Clash of the Irish titans as BA owner launches Aer Lingus bid


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The Independent Online

Three of Ireland’s biggest businessmen and the country’s government had the future of Aer Lingus in their hands last night as British Airways’ owner IAG launched a bid for the £1bn airline.

International Consolidated Airlines Group, run by Willie Walsh, the former boss of Aer Lingus, announced yesterday it had made a takeover offer for the Irish airline which was turned down. Aer Lingus later said it had rejected IAG earlier in the week after its board decided the bid was too low.

An IAG takeover would need the blessing of Mr Walsh’s friend and rival Michael O’Leary, who runs Ryanair. Mr O’Leary has tried to add Aer Lingus to Ryanair in the past but was thwarted by the Irish authorities. Ryanair has a 30 per cent stake and is Aer Lingus’s biggest shareholder.

Meanwhile, the media tycoon Denis O’Brien retains a stake, which he built up to block a Ryanair bid.

He has said in the past that he did not want Ryanair to buy Aer Lingus because he could not abide the idea that potential foreign investors flying in to his country would have the budget airline as their first taste of Ireland.

While Mr O’Brien has sold down much of his holding, with a 2.4 per cent stake he remains a powerful voice and may decide IAG is a better owner for Aer Lingus than Ryanair.

The Irish taxpayer retains 25 per cent of the carrier.

Analysts have said Mr Walsh has been somewhat slow carrying out the takeover deals for which IAG was set up in 2011. The British Airways-Iberia tie-up that created it was intended to be the first of many consolidations – snapping up smaller airlines across the world. However, so far it has only bought bmi and Spain’s Vueling. Mr Walsh originally earmarked 12 airlines he wanted.

Analysts said an Aer Lingus takeover would bring IAG crucial new take-off and landing slots at the overcrowded Heathrow airport, which it could use for new routes to emerging markets to which it currently does not fly.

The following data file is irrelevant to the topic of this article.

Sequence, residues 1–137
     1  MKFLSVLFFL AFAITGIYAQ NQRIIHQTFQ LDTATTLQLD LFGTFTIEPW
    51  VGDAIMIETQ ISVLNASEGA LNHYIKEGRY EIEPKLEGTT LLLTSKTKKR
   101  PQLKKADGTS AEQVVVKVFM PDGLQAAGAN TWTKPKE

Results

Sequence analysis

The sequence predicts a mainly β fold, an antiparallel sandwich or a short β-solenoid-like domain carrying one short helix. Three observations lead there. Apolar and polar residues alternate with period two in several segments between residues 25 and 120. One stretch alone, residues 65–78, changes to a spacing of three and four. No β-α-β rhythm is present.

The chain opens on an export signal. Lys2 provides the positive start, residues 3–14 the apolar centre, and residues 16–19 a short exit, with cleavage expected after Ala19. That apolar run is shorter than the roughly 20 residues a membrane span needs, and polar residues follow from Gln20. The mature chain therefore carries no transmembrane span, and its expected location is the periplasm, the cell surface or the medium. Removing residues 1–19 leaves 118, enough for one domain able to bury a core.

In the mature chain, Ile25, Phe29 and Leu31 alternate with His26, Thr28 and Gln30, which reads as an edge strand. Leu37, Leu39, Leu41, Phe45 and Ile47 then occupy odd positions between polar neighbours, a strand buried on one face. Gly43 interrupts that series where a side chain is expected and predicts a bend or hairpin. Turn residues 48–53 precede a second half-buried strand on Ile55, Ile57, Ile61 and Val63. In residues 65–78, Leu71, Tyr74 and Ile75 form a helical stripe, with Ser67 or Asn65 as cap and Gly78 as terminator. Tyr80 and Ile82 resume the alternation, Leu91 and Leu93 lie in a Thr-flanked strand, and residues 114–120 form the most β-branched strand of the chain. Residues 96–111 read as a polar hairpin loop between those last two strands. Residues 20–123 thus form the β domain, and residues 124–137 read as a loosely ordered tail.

Aer Lingus would also bring in extra passengers to feed into BA’s transatlantic stronghold. However, analysts said it was possible IAG’s resulting dominance of Heathrow slots could make the deal fall foul of competition regulators.

Ryanair has been thwarted by EU regulators in its efforts to buy the airline, while British authorities have ordered it to cut its stake.  That decision is currently under appeal.

Other shareholders of Aer Lingus include Etihad of Abu Dhabi, with 4 per cent.

Some analysts said the offer looked like an attempt by Mr Walsh to take advantage of Aer Lingus at a time of weakness following its chief executive Christoph Mueller’s announcement five months ago that he was stepping down to run the ill-starred Malaysia Airlines next year.

Aer Lingus shares leapt 9 per cent, IAG gained 4.5 per cent and Ryanair rose 3 per cent.

Neil Shah, director of research at Edison Investment Research, said: “This not a simple airline takeover approach but a battle for the keys to more of the lucrative long-haul slots at Heathrow, which is close to capacity.

“With Ryanair intent on remaining king maker whether or not it can hold on to its block-holder 25 per cent stake in Aer Lingus, this will once again be a Willie Walsh versus Michael O’Leary battle.”